“I’ve always said that I love racing in the rain but race two was the worst conditions I’ve ever experienced,” added Thompson, who returned to the track three laps down but was classified as a non-finisher in 24th place when a red flag brought about an early conclusion to proceedings. “Being at the back meant I couldn’t see a thing but I picked up a couple of places and was moving forwards. Obviously someone behind me misjudged their braking in the spray and gave me a whack which meant I had to pit and lost three laps.

“But I knew that others would have problems and so we went back out as we only did seven laps yesterday and none in race one and even with no time to adjust the set-up our lap times were in the top 15 and a 12th row starting slot is much better than a 16th row starting slot, especially in these conditions.”

Even though the rain was beginning to abate ahead of the third and final race of the weekend, Thompson admitted to making a cautious start just to avoid incurring any potential damage and ended the first lap in 29th position. But with the ability to actually race for the first time all weekend Thompson quickly began picking off drivers one at a time despite the lack of overtaking opportunities, moving ahead of Mike Bushell, Matt Simpson, Ollie Jackson, Carl Boardley, Ollie Pidgley and Jason Plato in the opening ten laps before setting a series of laps quicker than race leader Tom Chilton, including a 56.260-second effort on lap 16 that would stand as the fourth fastest lap of the entire race and the second fastest of all by a Front Wheel Drive car.

“If only race three was race one then our weekend would have been a lot different,” concluded Thompson, who passed Brett Smith, Tom Oliphant, James Cole and Senna Proctor in the second half of the race and was closing on Glynn Geddie for 18th place when his rear tyres began to go off. “The car was really good and I could just attack with confidence in the grip levels although I think I used the rear tyres a bit too much as in the last couple of laps they started to go off and Jason was able to pass me back right at the end.”

Thompson eventually took the chequered flag in 20th place and remains in 27th position in the overall BTCC Championship points table, 18th in the BTCC Independents standings but slipped to 10th in the Jack Sears Trophy table with six races of the 2018 remaining starting in three weeks’ time at the ultra-fast Silverstone National circuit in Northamptonshire.

Tough start to Thompson’s maiden Highland fling!

Tough start to Thompson’s maiden Highland fling!

Dunlop MSA British Touring Car Championship rookie Bobby Thompson will start tomorrow’s trio of British Touring Car Championship races at the spectacular Knockhill circuit in Fife from 31stand last position after an oil leak aboard the #19 Team HARD with Trade Price Cars VW CC brought his timed qualifying session to a premature end after less than half a lap.

Thompson’s oily and somewhat spectacular demise at the very start of Saturday’s usually frantic 30-minute qualifying period was the final act of a day that began promisingly but turned sour when the 22 year-old Hornchurch based driver, by his own admission, ‘overcooked things’ at Duffus Dip while sitting tenth fastest during the opening free practice session of the weekend.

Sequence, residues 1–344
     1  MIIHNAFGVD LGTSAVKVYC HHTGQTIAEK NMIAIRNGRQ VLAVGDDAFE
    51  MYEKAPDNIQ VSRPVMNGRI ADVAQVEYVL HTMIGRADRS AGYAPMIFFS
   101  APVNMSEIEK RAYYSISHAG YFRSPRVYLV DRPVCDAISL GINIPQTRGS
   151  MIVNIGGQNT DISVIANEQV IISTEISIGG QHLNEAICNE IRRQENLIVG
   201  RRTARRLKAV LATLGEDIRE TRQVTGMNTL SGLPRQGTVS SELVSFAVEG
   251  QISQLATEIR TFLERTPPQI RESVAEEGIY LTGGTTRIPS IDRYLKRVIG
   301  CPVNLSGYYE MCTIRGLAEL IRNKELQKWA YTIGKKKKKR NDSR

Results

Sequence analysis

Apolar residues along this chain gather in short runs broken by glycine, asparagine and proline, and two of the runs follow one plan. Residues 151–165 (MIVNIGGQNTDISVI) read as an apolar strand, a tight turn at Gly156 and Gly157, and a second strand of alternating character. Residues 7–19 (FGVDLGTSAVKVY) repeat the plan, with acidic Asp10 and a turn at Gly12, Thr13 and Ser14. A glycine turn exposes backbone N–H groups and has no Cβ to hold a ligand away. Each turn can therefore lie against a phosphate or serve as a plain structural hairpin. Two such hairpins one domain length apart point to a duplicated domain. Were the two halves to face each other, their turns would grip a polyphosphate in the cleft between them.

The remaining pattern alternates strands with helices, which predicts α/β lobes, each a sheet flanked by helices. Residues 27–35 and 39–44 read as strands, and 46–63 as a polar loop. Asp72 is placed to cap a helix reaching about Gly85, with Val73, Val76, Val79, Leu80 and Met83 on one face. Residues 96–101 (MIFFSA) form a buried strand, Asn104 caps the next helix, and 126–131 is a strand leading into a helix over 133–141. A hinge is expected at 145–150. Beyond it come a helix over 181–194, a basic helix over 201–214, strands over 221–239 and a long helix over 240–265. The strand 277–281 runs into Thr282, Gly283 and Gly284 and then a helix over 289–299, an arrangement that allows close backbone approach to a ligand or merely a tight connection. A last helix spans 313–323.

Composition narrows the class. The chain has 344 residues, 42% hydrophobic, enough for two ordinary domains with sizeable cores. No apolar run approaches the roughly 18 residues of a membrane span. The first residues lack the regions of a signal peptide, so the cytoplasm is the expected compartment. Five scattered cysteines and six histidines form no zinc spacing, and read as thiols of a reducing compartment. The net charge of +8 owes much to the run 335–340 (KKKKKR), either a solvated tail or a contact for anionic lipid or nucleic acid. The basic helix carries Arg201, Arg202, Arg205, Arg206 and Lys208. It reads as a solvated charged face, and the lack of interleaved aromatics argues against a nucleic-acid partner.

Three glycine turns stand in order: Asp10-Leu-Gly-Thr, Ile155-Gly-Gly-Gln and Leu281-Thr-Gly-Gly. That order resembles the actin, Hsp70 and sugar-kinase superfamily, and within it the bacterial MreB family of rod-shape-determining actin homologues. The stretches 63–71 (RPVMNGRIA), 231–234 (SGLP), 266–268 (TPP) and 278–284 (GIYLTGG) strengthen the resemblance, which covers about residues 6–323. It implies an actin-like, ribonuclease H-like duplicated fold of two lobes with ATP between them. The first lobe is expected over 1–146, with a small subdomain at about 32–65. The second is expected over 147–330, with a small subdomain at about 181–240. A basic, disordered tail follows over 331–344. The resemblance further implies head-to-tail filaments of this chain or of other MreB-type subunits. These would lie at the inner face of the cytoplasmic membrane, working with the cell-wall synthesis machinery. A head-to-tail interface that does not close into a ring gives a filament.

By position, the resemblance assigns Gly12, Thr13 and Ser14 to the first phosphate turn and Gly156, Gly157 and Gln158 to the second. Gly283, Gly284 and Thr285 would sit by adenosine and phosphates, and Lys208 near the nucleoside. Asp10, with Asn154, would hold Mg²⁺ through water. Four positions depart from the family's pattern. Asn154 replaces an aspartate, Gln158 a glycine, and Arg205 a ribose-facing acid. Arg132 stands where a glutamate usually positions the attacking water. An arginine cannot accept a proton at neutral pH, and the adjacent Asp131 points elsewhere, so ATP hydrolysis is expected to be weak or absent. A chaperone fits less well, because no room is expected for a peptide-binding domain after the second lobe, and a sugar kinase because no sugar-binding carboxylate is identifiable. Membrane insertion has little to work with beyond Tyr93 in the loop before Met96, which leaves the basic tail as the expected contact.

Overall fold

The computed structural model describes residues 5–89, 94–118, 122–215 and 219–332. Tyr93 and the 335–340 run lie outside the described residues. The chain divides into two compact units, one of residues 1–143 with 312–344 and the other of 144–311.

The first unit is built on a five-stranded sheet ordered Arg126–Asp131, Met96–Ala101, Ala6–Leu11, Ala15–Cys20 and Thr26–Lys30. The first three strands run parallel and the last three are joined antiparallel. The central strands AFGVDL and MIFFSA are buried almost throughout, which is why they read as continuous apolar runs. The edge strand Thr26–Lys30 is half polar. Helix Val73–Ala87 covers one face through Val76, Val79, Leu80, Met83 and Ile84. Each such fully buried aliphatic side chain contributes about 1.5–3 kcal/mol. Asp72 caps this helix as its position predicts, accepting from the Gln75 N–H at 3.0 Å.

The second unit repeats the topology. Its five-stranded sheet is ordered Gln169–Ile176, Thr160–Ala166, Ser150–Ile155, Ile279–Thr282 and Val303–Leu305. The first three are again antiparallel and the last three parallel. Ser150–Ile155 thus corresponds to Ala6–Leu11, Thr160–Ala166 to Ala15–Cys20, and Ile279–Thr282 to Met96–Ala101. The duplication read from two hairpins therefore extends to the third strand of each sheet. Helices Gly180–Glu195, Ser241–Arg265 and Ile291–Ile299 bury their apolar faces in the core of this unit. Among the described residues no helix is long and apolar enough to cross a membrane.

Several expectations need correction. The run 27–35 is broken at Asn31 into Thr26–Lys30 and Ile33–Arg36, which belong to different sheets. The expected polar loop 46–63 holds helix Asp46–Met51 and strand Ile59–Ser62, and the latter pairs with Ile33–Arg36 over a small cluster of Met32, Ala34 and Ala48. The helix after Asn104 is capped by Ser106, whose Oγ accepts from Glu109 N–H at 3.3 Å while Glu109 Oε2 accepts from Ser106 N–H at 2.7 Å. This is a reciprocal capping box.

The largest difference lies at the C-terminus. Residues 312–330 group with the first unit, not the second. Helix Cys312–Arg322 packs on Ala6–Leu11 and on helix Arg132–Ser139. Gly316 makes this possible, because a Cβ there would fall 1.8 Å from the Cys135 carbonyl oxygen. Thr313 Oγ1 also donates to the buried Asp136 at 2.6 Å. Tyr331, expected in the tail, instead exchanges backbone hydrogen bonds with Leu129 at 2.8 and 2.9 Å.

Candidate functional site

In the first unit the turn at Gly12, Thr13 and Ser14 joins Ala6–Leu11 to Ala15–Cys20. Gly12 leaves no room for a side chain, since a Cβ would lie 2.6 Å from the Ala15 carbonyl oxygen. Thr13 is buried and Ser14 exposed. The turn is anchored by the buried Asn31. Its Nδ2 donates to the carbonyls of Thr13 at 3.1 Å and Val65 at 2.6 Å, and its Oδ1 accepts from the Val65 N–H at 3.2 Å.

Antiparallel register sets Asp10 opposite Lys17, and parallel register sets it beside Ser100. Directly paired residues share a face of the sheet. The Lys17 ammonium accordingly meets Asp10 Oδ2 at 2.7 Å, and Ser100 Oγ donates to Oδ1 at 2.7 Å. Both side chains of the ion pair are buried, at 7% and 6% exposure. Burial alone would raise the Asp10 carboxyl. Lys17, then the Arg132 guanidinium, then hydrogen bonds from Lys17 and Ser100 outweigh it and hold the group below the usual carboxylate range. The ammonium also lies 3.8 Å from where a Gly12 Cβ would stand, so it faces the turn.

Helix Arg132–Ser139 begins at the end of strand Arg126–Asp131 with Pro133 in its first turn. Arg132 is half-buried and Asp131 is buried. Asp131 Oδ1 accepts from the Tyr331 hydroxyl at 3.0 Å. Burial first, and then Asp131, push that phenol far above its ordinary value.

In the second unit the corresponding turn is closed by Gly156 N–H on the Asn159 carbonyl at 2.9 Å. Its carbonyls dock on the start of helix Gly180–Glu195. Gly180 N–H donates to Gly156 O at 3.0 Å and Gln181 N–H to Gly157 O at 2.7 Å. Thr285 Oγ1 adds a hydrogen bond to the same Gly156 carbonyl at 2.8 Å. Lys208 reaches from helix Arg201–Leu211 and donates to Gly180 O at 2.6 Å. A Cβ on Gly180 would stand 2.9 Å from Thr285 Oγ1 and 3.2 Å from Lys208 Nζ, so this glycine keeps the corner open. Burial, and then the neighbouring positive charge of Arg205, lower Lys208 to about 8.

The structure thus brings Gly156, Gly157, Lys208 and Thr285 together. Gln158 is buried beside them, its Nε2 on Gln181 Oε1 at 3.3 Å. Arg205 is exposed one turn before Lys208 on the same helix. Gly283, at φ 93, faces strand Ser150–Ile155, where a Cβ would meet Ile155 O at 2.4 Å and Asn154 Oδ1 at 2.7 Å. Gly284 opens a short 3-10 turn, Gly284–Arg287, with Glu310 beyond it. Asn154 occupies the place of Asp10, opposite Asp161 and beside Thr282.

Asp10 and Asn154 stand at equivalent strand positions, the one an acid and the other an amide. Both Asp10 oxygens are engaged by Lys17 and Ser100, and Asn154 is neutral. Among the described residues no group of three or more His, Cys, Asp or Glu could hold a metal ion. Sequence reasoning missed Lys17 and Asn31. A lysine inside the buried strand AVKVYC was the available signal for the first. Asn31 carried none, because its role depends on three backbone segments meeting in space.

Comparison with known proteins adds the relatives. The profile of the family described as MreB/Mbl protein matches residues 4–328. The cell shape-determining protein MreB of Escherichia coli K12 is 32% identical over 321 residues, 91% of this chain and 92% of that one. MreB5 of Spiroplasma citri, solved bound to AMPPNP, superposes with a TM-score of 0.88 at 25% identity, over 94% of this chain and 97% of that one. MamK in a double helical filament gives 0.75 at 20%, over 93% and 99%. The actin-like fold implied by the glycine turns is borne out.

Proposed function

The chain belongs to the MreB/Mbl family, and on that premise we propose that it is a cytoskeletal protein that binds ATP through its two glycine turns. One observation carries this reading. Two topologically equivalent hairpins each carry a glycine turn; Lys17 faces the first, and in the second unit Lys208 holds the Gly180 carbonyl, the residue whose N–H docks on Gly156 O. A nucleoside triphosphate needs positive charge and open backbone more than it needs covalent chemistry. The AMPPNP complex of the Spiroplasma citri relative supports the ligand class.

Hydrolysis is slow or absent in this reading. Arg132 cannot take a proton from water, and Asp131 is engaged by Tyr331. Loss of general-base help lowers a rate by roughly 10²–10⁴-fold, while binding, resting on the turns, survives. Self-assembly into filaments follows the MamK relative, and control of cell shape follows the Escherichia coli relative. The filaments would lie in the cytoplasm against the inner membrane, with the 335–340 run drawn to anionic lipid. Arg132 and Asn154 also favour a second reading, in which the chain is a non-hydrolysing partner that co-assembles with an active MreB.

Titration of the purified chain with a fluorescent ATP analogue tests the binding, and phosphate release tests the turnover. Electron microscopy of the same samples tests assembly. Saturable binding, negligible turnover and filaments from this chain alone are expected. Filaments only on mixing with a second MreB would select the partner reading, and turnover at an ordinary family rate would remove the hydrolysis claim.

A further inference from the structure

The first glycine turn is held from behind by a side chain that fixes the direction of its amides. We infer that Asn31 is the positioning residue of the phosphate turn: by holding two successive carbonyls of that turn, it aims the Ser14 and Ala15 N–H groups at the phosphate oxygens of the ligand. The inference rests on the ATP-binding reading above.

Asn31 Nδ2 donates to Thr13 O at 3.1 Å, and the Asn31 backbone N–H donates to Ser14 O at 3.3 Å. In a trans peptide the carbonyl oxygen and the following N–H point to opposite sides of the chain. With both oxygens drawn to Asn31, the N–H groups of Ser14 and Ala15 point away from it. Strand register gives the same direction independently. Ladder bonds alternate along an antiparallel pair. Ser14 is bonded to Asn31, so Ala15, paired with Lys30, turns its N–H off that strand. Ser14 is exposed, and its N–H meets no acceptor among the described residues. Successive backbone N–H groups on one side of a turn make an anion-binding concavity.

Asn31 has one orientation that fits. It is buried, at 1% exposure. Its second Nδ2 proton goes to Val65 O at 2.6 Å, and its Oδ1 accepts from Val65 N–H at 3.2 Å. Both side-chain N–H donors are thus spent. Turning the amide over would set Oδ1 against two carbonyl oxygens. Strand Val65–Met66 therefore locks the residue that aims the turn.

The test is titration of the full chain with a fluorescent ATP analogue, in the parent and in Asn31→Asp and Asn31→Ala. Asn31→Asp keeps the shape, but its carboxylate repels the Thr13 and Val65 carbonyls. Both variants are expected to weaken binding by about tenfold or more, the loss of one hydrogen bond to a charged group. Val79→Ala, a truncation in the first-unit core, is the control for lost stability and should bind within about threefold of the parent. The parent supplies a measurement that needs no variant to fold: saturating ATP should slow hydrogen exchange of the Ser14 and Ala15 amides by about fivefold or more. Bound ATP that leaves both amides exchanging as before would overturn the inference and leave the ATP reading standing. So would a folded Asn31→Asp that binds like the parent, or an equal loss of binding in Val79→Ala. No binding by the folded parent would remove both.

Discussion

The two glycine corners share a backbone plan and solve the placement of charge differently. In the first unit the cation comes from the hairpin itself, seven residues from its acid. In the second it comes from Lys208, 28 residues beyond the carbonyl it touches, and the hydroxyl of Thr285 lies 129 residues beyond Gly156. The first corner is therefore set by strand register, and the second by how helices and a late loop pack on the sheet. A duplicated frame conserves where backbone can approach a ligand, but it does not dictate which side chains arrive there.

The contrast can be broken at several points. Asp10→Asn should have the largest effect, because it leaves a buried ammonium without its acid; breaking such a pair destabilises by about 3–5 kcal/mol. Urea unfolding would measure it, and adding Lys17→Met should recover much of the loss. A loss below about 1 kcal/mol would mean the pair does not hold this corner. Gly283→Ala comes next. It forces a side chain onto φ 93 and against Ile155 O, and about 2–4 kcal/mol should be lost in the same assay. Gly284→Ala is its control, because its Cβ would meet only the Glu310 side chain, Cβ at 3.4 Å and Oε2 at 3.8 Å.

“It is hard to know where to start after a day like this,” shrugged a philosophical Thompson as he watched the remainder of qualifying from the pit wall that overlooks the rolling 1.27-mile Scottish venue. “Obviously this is my first time here and I just overcooked it slightly on my seventh flying lap going through turn one and spun. The car felt so good and I was just attacking a bit too much a bit too soon. The problem was that I hit a ditch, which ripped the front splitter off and caused a bit of damage which meant I missed the whole of second practice.”

Following his superb showing at Rockingham two weeks ago and another strong performance from his Team HARD teammate Mike Bushell in practice, there was an optimistic mood in the #19 camp heading in to qualifying, although within 30-seconds of the green flag going out to signal the start of qualifying, hope had turned to despair.

“The team signalled for me to go out and do our usual one lap and then pit to cross over the tyres and as I came out of the second corner I said to my engineer that the rear end felt a bit loose but apart from that everything seemed fine until I got to Clark’s corner and smoke started appearing in the cockpit. I pulled off as soon as I could and then I realised that the rear end felt loose because I had oil over my tyres.”

With a liberal soaking of oil covering half the lap the session was red flagged and the reigning VW Cup Series Champion was left contemplating a race day that was challenging enough to begin with on a track that traditionally doesn’t suit the VW CC but is now as mountainous as the spectacular countryside that surrounds Knockhill.

“Looking at the positives, firstly the car felt good this morning, secondly Mike [Bushell] has shown we have a decent package, thirdly I’m now in great shape to move into the top three in the Dunlop Forever Forward standings and lastly, the ITV4 viewers should get to see plenty of overtaking as I’m carrying their on-board cameras for the races. And it is supposed to rain as well and I love driving in the rain!”

If you aren’t making the journey to Knockhill for race day, here are the start times for all three BTCC races, which as always, will be live and uninterrupted on ITV4.